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Major Residential Alteration and Addition Permit Requirements

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Learn about major residential alteration and addition permits in Portland and apply online. Get forms for major alterations removing 50% or more of exterior walls above the foundation or major additions adding more than 500 square feet of space. MRAA permits have notification and delay requirements.
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The City of Portland welcomes the opportunity to work with you on your major residential alteration and addition (MRAA) project. Learn more about what's required for a major residential alteration and addition. You can also schedule an appointment to discuss your project. 

Learn more about the Major Residential Alteration and Addition (Portland City Code Section 24.55.210) permit is and what notification and delay requirements apply. Find information on definitions and links to the Major Residential Alteration and Addition Notification Form that must be submitted prior to permit issuance. You may also be interested in information about demolition permits.

The Major Alteration and Addition Ordinance

On June 13, 2018, the Portland City Council amended Section 24.55.210, “Major Residential Alterations and Additions,” of Title 24, Portland’s Building Regulations. Our definitions of major residential alteration and major residential addition (MRAA) follow the 2018 amendments. In addition, major alteration projects that use heavy machinery to demolish walls must implement dust suppression techniques described in Section 24.55.205.C.3. 

When major alteration and addition requirements apply 

The requirements apply to all residential structures that have a residential Comprehensive Map Designation. They do not apply to properties, including multifamily commercial properties or residences, in non-residential comprehensive plan map areas. There are some types of residential structures and projects that are exempt from the MRAA ordinance:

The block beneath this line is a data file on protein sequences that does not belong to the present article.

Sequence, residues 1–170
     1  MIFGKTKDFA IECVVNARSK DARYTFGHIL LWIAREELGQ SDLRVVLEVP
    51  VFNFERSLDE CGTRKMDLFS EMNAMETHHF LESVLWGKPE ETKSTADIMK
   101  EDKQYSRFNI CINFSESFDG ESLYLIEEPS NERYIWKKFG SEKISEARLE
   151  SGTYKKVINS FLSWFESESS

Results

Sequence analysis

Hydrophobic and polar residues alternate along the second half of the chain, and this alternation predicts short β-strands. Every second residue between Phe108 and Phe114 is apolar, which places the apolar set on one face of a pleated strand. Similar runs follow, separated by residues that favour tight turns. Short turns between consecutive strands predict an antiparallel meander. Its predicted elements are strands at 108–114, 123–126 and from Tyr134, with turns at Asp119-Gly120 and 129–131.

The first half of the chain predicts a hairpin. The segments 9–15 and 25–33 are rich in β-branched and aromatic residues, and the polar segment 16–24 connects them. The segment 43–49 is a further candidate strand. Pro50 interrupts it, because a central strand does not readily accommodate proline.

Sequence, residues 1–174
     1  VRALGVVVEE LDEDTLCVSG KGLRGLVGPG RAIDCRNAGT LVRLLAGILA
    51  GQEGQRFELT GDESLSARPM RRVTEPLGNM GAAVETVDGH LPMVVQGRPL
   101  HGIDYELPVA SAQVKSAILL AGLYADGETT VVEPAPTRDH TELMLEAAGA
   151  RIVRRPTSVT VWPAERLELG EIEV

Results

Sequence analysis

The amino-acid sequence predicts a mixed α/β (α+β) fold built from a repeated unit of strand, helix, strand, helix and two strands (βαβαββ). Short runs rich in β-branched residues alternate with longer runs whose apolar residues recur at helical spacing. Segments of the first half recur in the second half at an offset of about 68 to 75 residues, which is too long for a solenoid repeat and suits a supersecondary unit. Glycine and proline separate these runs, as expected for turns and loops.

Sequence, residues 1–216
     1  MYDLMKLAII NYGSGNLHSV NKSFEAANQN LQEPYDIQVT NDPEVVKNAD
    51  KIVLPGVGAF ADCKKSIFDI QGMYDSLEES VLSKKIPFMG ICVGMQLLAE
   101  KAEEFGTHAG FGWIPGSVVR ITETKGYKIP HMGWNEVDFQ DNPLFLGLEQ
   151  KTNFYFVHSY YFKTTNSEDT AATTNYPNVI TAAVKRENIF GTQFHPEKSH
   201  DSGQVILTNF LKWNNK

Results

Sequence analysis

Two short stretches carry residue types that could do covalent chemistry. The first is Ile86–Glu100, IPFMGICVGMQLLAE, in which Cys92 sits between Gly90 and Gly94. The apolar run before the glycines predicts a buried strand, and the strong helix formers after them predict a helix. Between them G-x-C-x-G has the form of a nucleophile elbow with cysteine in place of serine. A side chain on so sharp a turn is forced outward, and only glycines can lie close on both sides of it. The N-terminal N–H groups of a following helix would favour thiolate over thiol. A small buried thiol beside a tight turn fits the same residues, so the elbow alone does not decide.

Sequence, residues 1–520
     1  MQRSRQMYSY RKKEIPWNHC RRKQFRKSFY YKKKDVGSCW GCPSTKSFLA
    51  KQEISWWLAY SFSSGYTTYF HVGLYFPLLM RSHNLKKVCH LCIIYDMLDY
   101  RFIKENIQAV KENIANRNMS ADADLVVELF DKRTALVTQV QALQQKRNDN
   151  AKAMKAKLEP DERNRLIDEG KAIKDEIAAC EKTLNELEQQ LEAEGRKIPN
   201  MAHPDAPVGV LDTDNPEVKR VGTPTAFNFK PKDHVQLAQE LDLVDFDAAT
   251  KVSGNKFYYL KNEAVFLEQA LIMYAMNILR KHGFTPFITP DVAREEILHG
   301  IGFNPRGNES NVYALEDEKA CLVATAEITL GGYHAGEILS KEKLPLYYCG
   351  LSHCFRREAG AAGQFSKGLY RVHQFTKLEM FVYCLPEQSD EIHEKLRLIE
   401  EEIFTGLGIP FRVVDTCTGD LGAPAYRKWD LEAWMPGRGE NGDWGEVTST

• Non-livable accessory structures, such as detached garages, are exempt from the major alteration/addition regulations. If the building under remodel is considered an accessory structure, the project will not be designated as a major alteration or addition even if it is converted to habitable space as a result of the remodel. NOTE: an attached garage is considered part of the main house. If you are altering or adding to a house that has an attached garage, the garage will be treated as part of the house in determining whether the work is a major alteration or addition and whether the MRAA ordinance requirements apply. 
  • Conversions that don’t remove exterior walls or expand the structure’s footprint or envelope. Existing permitted areas such as unfinished basements and attics that are converted to livable space without removing exterior walls or expanding the structure’s footprint or envelope, are not considered major alterations or additions even if the project adds new interior living space in excess of 500 square feet.
  • Detached accessory dwelling units (ADUs). The ordinance does not apply to new construction of detached ADUs.

You need a building permit for a major residential alteration and addition 

You need a building permit to do a major residential alteration and addition. You'll likely need trade permits (electrical, mechanical and plumbing) as well. 

What qualifies as a major alteration or addition

The ordinance defines the following as a major alteration:

  • Removing 50% or more of the exterior walls above the foundation. For purposes of determining whether 50% or more of the exterior wall has been removed, Bureau of Development Services (BDS) will include any portion of any exterior wall above the foundation that remains, calculated in linear feet by story.The ordinance defines the following as a major addition:
  • Adding more than 500 square feet of new interior space and expanding the structure’s footprint or envelope.The new interior space does not include areas of existing space within the building envelope. To qualify as a major addition, the project must both increase the interior space and expand the footprint or envelope.

For more information about what qualifies as a MRAA

Get more information to find out what qualifies as a major alteration or addition including definitions, examples, instructions and more: 

Download the Word document and save a copy to use this Life Safety completeness checklist:

Where notification and delay regulations apply (zoning maps)